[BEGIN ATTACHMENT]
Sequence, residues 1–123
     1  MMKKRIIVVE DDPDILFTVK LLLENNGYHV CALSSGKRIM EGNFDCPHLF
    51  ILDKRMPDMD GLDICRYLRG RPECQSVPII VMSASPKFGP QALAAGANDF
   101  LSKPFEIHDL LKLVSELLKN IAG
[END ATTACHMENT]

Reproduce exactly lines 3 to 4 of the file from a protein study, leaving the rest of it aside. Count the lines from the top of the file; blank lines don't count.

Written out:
    51  ILDKRMPDMD GLDICRYLRG RPECQSVPII VMSASPKFGP QALAAGANDF
   101  LSKPFEIHDL LKLVSELLKN IAG